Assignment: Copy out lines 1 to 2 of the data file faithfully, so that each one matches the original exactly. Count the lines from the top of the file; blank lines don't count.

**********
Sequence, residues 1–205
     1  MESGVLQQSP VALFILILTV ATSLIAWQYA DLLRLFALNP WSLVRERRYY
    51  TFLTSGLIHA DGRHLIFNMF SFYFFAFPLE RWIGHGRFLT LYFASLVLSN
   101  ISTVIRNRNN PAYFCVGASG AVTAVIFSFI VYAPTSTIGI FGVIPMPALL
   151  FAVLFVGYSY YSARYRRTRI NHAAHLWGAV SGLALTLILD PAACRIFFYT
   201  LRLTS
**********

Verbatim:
Sequence, residues 1–205
     1  MESGVLQQSP VALFILILTV ATSLIAWQYA DLLRLFALNP WSLVRERRYY